Dan graduated from the University of Bath in 2021, with a Master's degree in Chemistry, during which he spent a year on an industrial placement with Shell Global Solutions as a Fuel Innovations Intern. As part of this internship, Dan worked on projects associated with diesel and Gas-To-Liquid (GTL) fuels. This included creating a database for diesel vehicles that could be used for assessing additives in diesel fuel, as well as creating a tool to provide a quick scope into this data and help in the determination of whether the tested additive could feasibly be used. He also worked on a project which aimed to show benefits of GTL fuel compared to diesel, when used in a heavy-duty vehicle. Dan's final year project was looking into developing a suitable catalyst for the dehydrogenation of a Liquid Organic Hydrogen Carriers. Dan chose to further his studies at the AAPS CDT in the hopes of applying his knowledge to improve sustainability associated with the production and use of fuels. Outside of University, Dan enjoys playing and watching rugby, as well as spending time in the gym. He also enjoys cooking and travelling and experiencing new places.
The ever-growing global presence of the electric vehicle is seen as a positive solution to decarbonise the transport industry. As a result, chemists and material scientists are aiming to develop materials that can be used as a backbone for improved electrodes and electrolytes for next-generation batteries and supercapacitors. Dan's research will focus on the generation of materials that are considered to be part of the next generation of batteries through the use of non-line-of-sight deposition techniques, including chemical vapour deposition (CVD) and atomic layer deposition (ALD). This will provide opportunities to produce current collectors and thin films that are well-defined.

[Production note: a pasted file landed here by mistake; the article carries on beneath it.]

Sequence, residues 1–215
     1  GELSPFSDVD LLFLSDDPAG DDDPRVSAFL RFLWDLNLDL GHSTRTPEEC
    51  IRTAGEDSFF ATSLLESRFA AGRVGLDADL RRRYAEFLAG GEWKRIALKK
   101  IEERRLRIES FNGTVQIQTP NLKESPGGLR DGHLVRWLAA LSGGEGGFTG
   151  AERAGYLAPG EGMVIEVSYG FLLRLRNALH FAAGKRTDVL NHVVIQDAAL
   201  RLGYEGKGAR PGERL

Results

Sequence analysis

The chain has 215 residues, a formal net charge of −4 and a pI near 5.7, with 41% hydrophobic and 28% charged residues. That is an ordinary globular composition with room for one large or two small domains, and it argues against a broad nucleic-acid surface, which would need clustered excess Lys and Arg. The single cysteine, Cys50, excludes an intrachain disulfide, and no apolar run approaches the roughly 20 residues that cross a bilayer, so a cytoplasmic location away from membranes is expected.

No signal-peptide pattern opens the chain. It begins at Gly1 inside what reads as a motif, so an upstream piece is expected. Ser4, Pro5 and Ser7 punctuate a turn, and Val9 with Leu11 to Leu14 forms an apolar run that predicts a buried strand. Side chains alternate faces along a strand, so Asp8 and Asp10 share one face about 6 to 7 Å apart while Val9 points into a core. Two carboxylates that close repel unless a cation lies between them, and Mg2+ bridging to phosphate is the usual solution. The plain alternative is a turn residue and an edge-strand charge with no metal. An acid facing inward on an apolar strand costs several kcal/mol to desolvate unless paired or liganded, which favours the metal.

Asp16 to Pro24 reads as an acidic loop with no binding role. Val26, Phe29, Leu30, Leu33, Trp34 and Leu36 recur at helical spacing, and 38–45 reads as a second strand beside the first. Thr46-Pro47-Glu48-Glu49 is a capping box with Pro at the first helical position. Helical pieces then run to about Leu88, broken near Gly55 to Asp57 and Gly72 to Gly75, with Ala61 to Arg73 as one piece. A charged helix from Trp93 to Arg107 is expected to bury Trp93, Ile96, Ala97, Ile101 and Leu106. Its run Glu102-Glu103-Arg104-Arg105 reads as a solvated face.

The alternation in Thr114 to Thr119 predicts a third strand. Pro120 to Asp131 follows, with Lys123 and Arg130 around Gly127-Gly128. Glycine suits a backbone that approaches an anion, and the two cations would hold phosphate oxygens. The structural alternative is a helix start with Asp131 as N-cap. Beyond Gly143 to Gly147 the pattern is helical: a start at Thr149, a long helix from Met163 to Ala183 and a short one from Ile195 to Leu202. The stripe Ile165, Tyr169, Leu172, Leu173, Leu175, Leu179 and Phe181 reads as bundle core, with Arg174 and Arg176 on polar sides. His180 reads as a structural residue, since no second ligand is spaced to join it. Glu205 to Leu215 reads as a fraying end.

Through the methods chosen, the microstructure, morphology and chemistry of the composites can be finely-tuned to overcome potential challenges that battery materials face, such as volume changes during charging and the mechanical, chemical or electrochemical degradation of the electrodes. Focus will be drawn to potential lithium- or sodium-chalcogenide intercalation or conversion type electrode, or electrolyte materials, such as Lithium sulfides, lithium phosphates and lithium anti-perovskites, and their sodium counterparts. The initial stages will involve the synthesis of molecules that can be used as precursor material for CVD and ALD, which will then be characterised via a host of methods, including X-ray diffraction, NMR and elemental analysis. The thermal decomposition will be assessed, as will the ability of the precursor to create a thin film. The thin films will be characterised using scanning electron microscopy and will be assessed on its ability as a charge carrier. The advantages of the chosen techniques (CVD and ALD) will be exploited to improve upon cell performance. These include the ability to deposit uniform layers on a surface which can be used as a protection against chemical degradation, the ability to deposit conformally active materials onto structured backbones, such as nano-tubes, -flakes or -rods. There is also the advantage of high levels of control over stoichiometry of new materials that will be tailored to suit the cell performance by appropriately choosing the precursor materials, changing the deposition parameters and through chemical doping.
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